The direct domain coupling of spontaneous ferroelectric polarization and net magnetic moment can result in giant magnetoelectric (ME) coupling, which is essential to achieve mutual control and practical applications of multiferroics. Recently, the possible bulk domain coupling, the mutual control of ferroelectricity (FE) and weak ferromagnetism (WFM) have been theoretically predicted in hexagonal LuFeO3. Here, we report the first successful growth of highly-cleavable Sc-stabilized hexagonal Lu0.6Sc0.4FeO3 (h-LSFO) single crystals, as well as the first visualization of their intrinsic cloverleaf pattern of vortex FE domains and large-loop WFM domains. The vortex FE domains are on the order of 0.1–1 μm in size. On the other hand, the loop WFM domains are ~100 μm in size, and there exists no interlocking of FE and WFM domain walls. These strongly manifest the decoupling between FE and WFM in h-LSFO. The domain decoupling can be explained as the consequence of the structure-mediated coupling between polarization and dominant in-plane antiferromagnetic spins according to the theoretical prediction, which reveals intriguing interplays between FE, WFM, and antiferromagnetic orders in h-LSFO. Our results also indicate that the magnetic topological charge tends to be identical to the structural topological charge. This could provide new insights into the induction of direct coupling between magnetism and ferroelectricity mediated by structural distortions, which will be useful for the future applications of multiferroics.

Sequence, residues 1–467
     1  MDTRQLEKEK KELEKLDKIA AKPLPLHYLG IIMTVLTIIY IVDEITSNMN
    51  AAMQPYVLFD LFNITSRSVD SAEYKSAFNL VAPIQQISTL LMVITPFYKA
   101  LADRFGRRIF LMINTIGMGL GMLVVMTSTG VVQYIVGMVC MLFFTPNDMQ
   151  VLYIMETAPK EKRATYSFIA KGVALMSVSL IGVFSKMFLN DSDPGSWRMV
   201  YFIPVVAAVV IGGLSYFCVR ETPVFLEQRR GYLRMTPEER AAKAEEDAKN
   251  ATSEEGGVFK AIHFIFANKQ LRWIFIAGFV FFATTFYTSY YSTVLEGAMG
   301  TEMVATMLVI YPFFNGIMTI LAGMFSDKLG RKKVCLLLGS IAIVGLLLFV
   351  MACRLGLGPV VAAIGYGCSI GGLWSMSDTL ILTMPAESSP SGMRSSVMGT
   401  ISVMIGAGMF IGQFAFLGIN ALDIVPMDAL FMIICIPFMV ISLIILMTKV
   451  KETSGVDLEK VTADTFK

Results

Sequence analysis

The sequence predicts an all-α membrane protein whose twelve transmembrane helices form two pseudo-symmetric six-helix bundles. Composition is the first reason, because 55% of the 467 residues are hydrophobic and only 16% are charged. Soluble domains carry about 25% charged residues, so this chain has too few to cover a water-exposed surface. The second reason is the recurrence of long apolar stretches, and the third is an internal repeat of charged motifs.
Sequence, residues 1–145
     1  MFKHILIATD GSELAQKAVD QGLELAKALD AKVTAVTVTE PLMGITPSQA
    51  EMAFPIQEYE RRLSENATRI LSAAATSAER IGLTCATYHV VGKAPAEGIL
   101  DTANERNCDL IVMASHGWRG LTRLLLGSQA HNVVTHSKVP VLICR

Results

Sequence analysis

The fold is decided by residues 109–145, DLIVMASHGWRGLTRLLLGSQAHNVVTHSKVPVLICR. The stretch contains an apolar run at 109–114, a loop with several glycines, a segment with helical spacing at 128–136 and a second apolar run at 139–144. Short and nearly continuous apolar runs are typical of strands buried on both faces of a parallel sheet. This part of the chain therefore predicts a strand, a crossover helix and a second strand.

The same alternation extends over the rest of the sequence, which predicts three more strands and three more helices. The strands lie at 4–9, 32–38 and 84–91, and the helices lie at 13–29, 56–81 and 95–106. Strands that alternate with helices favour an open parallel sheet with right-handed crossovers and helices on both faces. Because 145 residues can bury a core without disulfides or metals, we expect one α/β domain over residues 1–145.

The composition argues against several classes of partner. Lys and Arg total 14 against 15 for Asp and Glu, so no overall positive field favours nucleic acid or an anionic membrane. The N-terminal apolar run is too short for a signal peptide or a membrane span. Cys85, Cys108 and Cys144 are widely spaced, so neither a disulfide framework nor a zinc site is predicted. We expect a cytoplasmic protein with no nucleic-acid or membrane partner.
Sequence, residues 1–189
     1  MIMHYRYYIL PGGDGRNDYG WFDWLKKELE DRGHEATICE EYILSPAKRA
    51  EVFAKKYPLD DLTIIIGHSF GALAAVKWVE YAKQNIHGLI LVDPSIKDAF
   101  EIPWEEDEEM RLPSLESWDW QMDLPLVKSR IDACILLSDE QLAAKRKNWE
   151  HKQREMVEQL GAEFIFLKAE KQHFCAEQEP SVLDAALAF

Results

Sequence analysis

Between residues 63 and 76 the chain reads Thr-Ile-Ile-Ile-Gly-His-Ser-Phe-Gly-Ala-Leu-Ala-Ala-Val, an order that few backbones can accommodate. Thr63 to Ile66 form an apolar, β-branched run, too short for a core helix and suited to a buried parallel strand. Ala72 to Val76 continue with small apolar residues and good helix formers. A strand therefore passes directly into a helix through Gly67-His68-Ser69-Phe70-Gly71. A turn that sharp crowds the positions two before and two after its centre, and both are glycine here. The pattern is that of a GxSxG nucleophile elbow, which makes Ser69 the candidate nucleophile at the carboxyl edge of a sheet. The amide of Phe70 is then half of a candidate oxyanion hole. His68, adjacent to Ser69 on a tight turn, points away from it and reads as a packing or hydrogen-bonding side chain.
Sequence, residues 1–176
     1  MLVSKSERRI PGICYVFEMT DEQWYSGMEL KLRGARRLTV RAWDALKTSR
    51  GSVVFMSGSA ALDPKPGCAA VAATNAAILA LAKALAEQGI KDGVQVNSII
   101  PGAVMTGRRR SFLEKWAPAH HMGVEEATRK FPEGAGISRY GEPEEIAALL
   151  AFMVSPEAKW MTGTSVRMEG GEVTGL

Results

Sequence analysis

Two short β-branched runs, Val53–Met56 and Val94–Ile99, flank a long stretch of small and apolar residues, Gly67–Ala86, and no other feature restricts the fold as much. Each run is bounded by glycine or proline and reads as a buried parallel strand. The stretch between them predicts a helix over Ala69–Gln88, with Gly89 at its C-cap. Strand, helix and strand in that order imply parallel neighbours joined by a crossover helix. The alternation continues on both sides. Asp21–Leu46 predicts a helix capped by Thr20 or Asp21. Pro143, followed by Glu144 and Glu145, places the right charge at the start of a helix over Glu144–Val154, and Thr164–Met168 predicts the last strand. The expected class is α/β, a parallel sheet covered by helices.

Multiferroic materials, in which two or multiple ferroic orders coexist, have drawn a great deal of attentions due to their fundamental importance and potentials for the next generation devices.1,2,3 However, in most multiferroics, the magnetoelectric (ME) coupling strength is quite weak, especially in linear-ME materials,4 which limits their practical applications. Therefore, multiferroics with the direct domain coupling between spontaneous magnetization (M) and polarization (P) are highly sought after. The direct domain coupling can result in giant ME coupling, enabling the mutual control in the sense that flipping one of M or P can induce the flipping of the other. This direct domain coupling effect has been partially achieved, for example, at the hetero-interfaces of bilayer films. M in one film layer can be flipped by flipping P in the other film layer by electrical fields, however not the other way around.5 The similar situation has also been discovered in single-phase Dy0.7Tb0.3FeO3 and Dy0.75Gd0.25FeO3 where only the flipping of M by electrical fields is reported.6 Other examples in single-phase bulk systems are very limited. CoCr2O47,8 and Mn2GeO49 appear to be the only two single-phase materials that contain spontaneous M and magnetism-induced P, which can be flipped by the magnetic field. However, their P magnitude is tiny for any applications, and flipping P (thus, M) with electrical fields cannot be achieved due to the small magnitude of P. Recently, a theoretical study suggests that the single-phase hexagonal LuFeO3 (h-LuFeO3) system may have the potential to realize this ideal effect with the direct domain coupling between its ferroelectricity (FE) and weak ferromagnetism (WFM).10 Thus, it is of great importance to study experimentally the possibility of a direct domain coupling effect in h-LuFeO3, which is energy efficient and highly desirable for future applications. Meanwhile, the recent ME coupling study on h-LuFeO3/LuFe2O4 superlattices11 demonstrates the capability of electrical field control of magnetism near the room temperature, which indicates h-LuFeO3 and its related compounds are promising for future applications. However, with little knowledge of the intrinsic ME coupling of h-LuFeO3 itself, a full understanding of the ME coupling in superlattices and other related materials is unrealistic.